Despite the language change—and the expectations of some commentators (see, e.g., Justin J. Hakala, “A New Day for Expert Discovery,” 47 Trial 6 (June 2011); Allegra J. Lawrence-Hardy & Laurance J. Warco, “Good News for Experts (And Attorneys Who Use Them),” Law360,Nov. 29, 2010)—the practical consequences of the 2010 amendments have not been so dramatic. Even though the amendments were intended to narrow the scope of expert discovery, the phrase “facts or data,” much like the term “considered,” has been “interpreted broadly to require disclosure of any material considered by the expert, from whatever source, that contains factual ingredients.” Fed. R. Civ. P. 26 advisory committee’s note (2010 amend.). In reality, expert discovery is basically the same as it was before the 2010 amendments, with two notable exceptions: The “drafts” of any expert report or disclosure are protected, and most communications between counsel and the expert are protected. Fed. R. Civ. P. 26(b)(4)(B) & (C). These protections apply “regardless of the form” the drafts and communications take. Id. Although these protections shield potentially useful information from disclosure, they permit the expert and counsel to work together more effectively without concern that everything they say or do is at risk of being exposed. For instance, an expert should be able to withhold communications with and analysis provided to counsel to refute the other side’s expert opinion or to prepare for that expert’s deposition. Int’l Aloe Sci. Council, Inc., 2012 WL 1900536, at *2 (protecting expert notes on other side’s expert report and for use by counsel in taking expert deposition).

The added protection for draft reports does raise questions, not all of which have been answered. Many courts hold that an expert’s notes, worksheets, and preliminary analyses do not need to be disclosed because these materials could be part of a “draft” report regardless of their form. See, e.g., Etherton v. Owners Ins. Co., Civ. No. 10-cv-00892-MSK-KLM, 2011 WL 684592 (D. Colo. Feb. 18, 2011) (protecting an expert’s “working notes” from disclosure because, inter alia, the trial preparation protections of the amended rules apply to drafts of any expert report, regardless of form). Other courts have held the same because these materials are like protected work product, and an expert need not produce everything necessary for the opposing expert to replicate the analysis. See, e.g., Helmert v. Butterball, LLC, No. 4:08CV00342, 2011 WL 3157180 (E.D. Ark. July 27, 2011) (“Nor is there any suggestion in Rule 26(a)(2) that an expert report is incomplete unless it contains sufficient information and detail for an opposing expert to replicate and verify in all respects both the method and results described in the report.”) (quoting Cook v. Rockwell Int’l Corp., 580 F. Supp. 2d 1071, 1121–22 (D. Colo. 2006)). But some courts do not protect an expert’s notes, worksheets, and other preparatory materials unless they are actually part of a “draft” report. See, e.g., In re Application of the Republic of Ecuador, 280 F.R.D. 506, 512–14 (N.D. Cal. 2012); In re Asbestos Prods. Liab. Litig. (No. VI), No. MDL 875, 2011 WL 6181334, at *13 n.11 (E.D. Pa. Dec. 13, 2011); Dongguk Univ. v. Yale Univ., No. 3:08-CV-00441, 2011 WL 1935865, at *1 (D. Conn. May 19, 2011). This view may be short-sighted because characterizing or labeling expert materials as a “draft” report to confer non-discoverable status does not mean the materials are actually part of a “draft” report. Protecting working notes simply because they are contained in a “draft” report elevates form over substance.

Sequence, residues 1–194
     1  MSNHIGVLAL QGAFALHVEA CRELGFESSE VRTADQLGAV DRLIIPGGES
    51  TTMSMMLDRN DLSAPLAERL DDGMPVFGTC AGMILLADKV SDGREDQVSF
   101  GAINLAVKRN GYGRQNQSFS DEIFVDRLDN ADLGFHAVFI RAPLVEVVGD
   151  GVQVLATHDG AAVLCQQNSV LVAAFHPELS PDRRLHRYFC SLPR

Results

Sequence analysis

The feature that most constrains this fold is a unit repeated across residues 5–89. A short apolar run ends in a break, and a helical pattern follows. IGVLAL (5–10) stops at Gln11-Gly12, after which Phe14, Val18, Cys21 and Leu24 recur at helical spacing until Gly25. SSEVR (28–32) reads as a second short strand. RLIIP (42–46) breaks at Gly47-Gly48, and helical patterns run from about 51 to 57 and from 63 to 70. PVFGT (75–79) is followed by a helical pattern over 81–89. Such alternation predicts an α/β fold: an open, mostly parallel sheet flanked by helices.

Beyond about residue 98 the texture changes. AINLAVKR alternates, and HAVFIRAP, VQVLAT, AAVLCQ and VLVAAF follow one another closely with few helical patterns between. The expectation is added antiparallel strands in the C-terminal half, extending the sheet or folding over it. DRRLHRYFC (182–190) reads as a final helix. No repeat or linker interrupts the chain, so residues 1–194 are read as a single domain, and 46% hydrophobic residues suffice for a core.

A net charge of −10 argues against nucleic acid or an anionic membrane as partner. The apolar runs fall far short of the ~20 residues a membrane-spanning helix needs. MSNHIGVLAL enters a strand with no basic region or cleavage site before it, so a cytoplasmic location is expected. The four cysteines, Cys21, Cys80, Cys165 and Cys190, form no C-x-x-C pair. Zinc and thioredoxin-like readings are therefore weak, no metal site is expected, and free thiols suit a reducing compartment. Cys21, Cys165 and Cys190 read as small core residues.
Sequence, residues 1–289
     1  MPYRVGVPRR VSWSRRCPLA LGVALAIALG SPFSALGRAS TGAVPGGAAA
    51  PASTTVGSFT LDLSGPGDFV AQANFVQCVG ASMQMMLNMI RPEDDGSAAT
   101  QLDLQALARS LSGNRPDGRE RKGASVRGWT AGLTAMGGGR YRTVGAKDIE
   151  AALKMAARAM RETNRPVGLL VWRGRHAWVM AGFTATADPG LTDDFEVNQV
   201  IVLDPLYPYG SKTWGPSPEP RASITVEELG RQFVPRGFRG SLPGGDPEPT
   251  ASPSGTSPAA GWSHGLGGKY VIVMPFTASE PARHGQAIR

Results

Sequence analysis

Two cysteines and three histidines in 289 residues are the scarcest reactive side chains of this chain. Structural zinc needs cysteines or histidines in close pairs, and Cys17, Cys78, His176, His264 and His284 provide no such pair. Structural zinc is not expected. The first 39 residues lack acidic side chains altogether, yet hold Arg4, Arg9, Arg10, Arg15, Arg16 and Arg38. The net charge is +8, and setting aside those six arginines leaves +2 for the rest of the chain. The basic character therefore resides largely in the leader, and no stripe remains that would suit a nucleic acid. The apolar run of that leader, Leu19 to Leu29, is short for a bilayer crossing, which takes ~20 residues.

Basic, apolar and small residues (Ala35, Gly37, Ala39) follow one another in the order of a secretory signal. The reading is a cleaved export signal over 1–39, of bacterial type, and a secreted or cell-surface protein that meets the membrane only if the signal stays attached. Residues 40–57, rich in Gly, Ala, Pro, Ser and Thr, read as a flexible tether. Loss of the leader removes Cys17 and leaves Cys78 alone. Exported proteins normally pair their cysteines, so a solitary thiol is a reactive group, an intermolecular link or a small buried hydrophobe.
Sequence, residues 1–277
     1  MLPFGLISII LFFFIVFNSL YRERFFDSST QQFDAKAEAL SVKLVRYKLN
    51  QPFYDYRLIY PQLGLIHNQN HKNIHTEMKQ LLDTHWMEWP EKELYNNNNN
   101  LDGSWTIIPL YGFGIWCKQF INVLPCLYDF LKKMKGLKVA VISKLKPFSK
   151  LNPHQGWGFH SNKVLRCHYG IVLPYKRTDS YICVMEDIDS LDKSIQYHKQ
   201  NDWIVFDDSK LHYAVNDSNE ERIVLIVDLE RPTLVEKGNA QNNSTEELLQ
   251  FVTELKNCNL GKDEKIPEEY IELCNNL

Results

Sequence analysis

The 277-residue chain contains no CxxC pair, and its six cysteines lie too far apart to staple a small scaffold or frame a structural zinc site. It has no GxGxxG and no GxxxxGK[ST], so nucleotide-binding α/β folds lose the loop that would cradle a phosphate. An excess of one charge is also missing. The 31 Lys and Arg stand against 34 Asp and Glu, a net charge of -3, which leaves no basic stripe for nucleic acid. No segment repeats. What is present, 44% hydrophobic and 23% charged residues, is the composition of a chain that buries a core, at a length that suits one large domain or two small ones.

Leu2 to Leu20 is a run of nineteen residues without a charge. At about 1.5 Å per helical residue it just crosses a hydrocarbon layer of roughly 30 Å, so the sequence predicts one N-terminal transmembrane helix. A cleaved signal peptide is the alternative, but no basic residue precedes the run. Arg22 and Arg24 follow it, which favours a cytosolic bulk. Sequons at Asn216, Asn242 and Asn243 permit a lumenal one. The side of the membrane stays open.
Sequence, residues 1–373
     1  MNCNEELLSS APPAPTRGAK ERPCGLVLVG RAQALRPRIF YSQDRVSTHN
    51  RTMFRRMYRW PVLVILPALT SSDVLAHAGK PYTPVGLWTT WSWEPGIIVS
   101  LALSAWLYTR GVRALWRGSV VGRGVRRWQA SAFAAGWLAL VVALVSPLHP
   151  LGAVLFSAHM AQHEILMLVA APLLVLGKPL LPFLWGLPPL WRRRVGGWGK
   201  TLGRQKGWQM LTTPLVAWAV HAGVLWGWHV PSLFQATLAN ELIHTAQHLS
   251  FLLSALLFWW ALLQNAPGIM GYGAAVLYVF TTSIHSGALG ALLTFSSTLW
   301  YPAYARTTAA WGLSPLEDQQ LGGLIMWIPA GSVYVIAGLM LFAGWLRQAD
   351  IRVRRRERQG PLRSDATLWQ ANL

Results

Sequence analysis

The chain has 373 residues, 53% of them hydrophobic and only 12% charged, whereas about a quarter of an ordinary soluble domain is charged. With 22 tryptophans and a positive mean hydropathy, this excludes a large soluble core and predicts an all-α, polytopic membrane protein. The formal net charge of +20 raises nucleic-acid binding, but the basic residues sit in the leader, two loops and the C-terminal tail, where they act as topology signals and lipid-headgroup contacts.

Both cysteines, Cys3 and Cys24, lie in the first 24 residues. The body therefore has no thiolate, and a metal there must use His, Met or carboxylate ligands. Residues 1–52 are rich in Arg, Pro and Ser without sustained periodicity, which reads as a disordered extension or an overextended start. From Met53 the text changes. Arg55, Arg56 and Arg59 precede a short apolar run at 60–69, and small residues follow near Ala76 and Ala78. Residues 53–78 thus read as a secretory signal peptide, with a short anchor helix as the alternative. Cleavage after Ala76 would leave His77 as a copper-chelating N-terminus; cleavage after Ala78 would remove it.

The protection for counsel-expert communications raises fewer questions. Under the current rules, these communications are protected except for those involving certain subjects: expert compensation, facts or data provided by counsel that the expert considered in forming the opinions, and assumptions provided by counsel that the expert relied on in forming the opinions. Fed. R. Civ. P. 26(b)(4)(C). Only these portions of counsel-expert communications need to be produced: “[T]he protection applies to all other aspects of the communication beyond the excepted topics.” Fed. R. Civ. P. 26 advisory committee’s note (2010 amend.); see also Innovative Sonic, Ltd. v. Research In Motion, Ltd., No. 3:11-CV-0706-K, 2013 WL 775349, at *3 (N.D. Tex. Mar. 1, 2013). Consequently, counsel and expert should be able to communicate freely without worry that their exchanges will need to be turned over.

Sara Lee Corp. v. Kraft Foods Inc., 273 F.R.D. 416 (N.D. Ill. Apr. 1, 2011), is a leading case on the discoverability of counsel-expert communications after the 2010 amendments. There, the district court ruled that counsel’s communications with the expert were protected from disclosure. The communications involved the expert’s advice on conducting a survey about the particular advertisement involved in the false advertising lawsuit. Because the expert never learned the results of the survey, his methodology and opinions were not affected and the communications did not contain any facts, data, or assumptions that the expert could have considered in assembling his report. The court conceded that the communications would likely have been discoverable prior to the enactment of the 2010 amendments, but the more restrictive expert discovery rules protected the communications from disclosure.

With a better understanding of the current rules regarding expert discovery and some of the open issues, we next consider what the future of expert discovery may hold.